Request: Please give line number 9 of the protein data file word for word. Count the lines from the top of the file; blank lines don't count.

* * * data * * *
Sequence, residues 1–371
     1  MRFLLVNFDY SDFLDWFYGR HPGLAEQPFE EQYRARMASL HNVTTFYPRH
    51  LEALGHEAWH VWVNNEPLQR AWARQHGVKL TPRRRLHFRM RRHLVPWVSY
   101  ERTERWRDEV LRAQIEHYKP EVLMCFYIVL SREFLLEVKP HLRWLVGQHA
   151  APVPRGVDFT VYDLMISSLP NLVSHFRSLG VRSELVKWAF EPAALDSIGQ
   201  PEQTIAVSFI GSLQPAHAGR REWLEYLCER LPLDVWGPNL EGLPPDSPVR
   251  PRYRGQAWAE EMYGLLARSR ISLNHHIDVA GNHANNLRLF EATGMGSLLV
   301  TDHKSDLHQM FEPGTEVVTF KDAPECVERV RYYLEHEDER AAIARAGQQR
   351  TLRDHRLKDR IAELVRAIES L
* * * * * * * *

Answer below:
   351  TLRDHRLKDR IAELVRAIES L